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Beacon Trust



June 03, 2024

Beacon Weekly Investment Insights 6.3.24

Portfolio Manager, Lee Delaporte, provides insights to guide you through changing market conditions. Please read the full text below or download the PDF version.

Now that earnings are largely behind us, investors will turn their focus to the June FOMC meeting to determine the approximate timing on a pivot to lower rates. On Friday, the Personal Consumption Expenditure Price Index, the primary measurement of consumer spending on goods and services as well as the preferred inflation index for the Fed, as it excludes housing, rose 0.3% in April; in line with consensus and lower than March @ 0.5%. Core PCE was 0.2% month over month and 2.8% year over year; both consistent with consensus. Personal Spending was up 0.2% for the month lower than the estimate of 0.3%. This follows a revised 0.7% increase in the prior month. 2.8% is still well above their target and would indicate that any near-term move is unlikely. In fact, September or later and no more than two cuts in 2024 seem to be the base case.

Though sticky inflation continues to moderate; employment remains strong emboldening the consumer and economic growth continues at an acceptable pace. The second read on 1Q GDP was 1.3% in line with consensus; the preliminary expectation was 1.6%. The deflator, the measurement of changes in the prices of goods and services produced in the US including those exported to other countries, was 3.0% v expected 3.1%. The preliminary was 3.1%. Earlier in the week Consumer Confidence came in stronger then expected at 102 v 96 estimate and initial jobless claims came in at 219,000 v 218,000 expected.  We will get a better read next week when non-farm payrolls are announced on June 7th. MBA mortgage applications declined 5.7%, refinance applications were down 14% and purchase applications were virtually flat down 1%. Pending home sales declined 7.7% in April with weakness across all regions of the country. This is reflective of the continuation of little supply keeping prices elevated and the 30-year fixed rate mortgage rising 9 basis points to 7.03%.

Clearly this Federal Reserve, led by Jay Powell, has a history and reputation for miscalculation. Ignoring the stresses of a large segment of the country struggling to make ends meet to achieve the dual mandate appears to be myopic; not to mention risky. The inflation rate for necessities, a category that includes food, gasoline, rent, auto insurance and repairs, health care along with other expenses, was just under +3% in the first four months of this year, compared to +3.2% for all of 2023 indicating slow movement. Clearly these expenses are considered volatile and, therefore, largely dismissed but they are real for most. Rent and insurance, both the auto and homeowners’, have been impactful on individual’s budgets. Many expect the increases to abate in time but relief in the short term seems unrealistic. Interest payments aren’t part of the inflation equation, but they’ve also weighed on both spending and sentiment. Non-mortgage debt now equates to nearly 3% of consumer outlays. Credit card delinquency rates, as noted in many bank’s earnings reports, have spiked to the highest level in more than a decade. The delinquencies are concentrated in Gen-Zers (11-26) and Millennials (27-42), demographics that now account for about 40% of all card balances and are in the accumulation phase of their lives. Those age groups are also most affected by apparent weakening at the low-end of the labor market. Given the economy’s dependence on consumption our monetary policy makers need to consider that the stress felt by many younger and lower income individuals is real and factor that into their timing; though this seems unlikely based on recent fed officials’ comments. In reality, strong employment, reasonable wage growth, a decent economy and consumer resiliency is allowing fed policy makers to remain vigilant and steadfast. Upcoming on Thursday, the European Central Bank (ECB) will meet to discuss pivoting to a less restrictive policy. Christine Lagarde is expected to announce a 25bpt reduction to 3.75% and possibly indicate further rate cuts quarterly allowing them time to consider data prior to the next move. If this occurs it will be considered unprecedented for a major central bank, other then the US, to lead changes in monetary policy.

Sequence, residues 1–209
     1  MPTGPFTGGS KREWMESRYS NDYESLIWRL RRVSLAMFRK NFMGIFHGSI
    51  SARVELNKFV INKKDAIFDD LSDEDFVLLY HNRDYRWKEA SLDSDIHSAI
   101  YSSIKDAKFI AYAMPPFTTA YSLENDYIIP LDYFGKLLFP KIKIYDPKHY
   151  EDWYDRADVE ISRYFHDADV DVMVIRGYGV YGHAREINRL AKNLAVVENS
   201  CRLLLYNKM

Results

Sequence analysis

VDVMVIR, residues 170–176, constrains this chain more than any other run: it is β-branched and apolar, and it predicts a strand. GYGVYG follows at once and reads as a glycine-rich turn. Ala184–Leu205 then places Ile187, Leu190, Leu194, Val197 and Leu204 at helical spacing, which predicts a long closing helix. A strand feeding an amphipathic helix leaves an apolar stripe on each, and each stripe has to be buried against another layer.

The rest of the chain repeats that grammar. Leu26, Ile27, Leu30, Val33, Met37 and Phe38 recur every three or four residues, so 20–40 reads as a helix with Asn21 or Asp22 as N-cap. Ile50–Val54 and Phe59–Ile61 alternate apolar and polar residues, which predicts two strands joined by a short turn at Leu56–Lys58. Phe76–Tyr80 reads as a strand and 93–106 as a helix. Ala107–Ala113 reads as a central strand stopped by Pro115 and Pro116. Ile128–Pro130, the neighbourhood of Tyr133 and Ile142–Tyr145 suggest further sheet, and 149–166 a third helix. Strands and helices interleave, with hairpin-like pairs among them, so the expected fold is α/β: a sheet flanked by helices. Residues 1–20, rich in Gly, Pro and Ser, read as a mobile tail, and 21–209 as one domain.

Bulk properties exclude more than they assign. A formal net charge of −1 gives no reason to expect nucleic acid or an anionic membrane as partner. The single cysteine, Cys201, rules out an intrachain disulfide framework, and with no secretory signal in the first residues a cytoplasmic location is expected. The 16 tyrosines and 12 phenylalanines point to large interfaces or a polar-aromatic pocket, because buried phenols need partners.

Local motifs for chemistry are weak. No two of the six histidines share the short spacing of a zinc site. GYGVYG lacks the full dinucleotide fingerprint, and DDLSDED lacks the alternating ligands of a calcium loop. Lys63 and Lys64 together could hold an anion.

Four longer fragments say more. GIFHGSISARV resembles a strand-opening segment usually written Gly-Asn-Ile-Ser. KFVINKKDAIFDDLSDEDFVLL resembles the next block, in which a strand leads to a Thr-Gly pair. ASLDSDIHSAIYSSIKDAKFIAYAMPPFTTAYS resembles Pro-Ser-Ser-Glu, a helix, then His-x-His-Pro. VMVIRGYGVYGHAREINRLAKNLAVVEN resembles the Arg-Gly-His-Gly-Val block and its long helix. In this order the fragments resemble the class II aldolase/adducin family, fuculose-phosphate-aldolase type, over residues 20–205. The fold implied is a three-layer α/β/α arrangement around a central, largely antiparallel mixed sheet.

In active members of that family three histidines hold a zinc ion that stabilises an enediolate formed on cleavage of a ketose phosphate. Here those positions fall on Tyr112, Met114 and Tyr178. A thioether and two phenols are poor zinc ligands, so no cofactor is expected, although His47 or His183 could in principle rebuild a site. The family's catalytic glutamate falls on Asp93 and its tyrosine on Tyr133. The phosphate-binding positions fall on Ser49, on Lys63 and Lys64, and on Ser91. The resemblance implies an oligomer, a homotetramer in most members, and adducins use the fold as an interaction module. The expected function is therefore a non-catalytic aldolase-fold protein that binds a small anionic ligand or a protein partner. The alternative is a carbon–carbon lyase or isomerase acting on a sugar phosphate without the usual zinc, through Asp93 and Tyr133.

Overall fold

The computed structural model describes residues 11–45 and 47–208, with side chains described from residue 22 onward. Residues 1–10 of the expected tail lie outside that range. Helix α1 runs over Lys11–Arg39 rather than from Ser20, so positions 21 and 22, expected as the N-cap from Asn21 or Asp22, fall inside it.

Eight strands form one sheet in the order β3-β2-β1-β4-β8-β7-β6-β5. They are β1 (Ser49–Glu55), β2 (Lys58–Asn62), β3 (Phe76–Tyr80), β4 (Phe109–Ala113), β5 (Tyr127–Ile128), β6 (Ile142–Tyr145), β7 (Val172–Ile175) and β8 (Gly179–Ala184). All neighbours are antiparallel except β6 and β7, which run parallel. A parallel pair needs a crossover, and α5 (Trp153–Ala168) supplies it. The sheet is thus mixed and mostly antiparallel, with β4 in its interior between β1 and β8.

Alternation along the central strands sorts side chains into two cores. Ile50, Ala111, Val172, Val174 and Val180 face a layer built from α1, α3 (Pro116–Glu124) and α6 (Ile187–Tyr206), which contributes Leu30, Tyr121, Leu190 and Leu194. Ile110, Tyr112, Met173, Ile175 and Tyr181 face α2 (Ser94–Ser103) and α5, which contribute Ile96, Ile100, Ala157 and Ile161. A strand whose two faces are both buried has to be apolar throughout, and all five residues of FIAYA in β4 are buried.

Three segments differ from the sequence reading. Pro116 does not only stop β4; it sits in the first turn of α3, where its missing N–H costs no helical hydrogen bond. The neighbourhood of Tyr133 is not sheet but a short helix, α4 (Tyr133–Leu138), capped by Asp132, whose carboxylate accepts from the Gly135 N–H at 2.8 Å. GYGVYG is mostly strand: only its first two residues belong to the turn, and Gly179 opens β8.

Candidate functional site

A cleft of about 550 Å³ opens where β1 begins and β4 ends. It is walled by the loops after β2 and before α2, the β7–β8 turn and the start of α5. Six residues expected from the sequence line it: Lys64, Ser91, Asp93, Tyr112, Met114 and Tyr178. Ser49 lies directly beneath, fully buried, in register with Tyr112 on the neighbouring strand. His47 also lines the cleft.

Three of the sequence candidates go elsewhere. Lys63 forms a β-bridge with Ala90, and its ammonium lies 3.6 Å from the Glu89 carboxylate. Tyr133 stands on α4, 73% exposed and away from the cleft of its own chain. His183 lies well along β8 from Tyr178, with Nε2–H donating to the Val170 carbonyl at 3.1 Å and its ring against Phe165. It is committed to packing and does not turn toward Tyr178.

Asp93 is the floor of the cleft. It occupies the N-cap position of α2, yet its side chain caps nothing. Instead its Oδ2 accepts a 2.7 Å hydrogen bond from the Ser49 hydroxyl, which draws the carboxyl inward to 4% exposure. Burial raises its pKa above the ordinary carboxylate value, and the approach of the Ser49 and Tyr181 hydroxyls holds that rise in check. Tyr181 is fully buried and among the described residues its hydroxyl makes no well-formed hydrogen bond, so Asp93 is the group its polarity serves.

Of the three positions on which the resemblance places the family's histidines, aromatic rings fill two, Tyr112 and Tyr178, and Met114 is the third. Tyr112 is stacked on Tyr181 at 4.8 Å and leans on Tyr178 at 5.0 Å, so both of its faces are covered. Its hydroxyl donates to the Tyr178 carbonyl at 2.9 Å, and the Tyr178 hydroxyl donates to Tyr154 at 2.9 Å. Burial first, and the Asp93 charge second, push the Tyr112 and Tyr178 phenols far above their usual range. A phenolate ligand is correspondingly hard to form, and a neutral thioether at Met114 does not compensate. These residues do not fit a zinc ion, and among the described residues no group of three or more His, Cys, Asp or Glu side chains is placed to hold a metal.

During the first week of June, we have the aforementioned non-farm payrolls forecasted to be 180,000 and the unemployment rate to be unchanged at 3.9%. The ISM releases both manufacturing and services for May. Both are expected to be around a neutral 50. A few companies, of note, expect to announce this week are Crowdstrike, Dollar Tree, Docusign, Smucker’s and Vail Resort.


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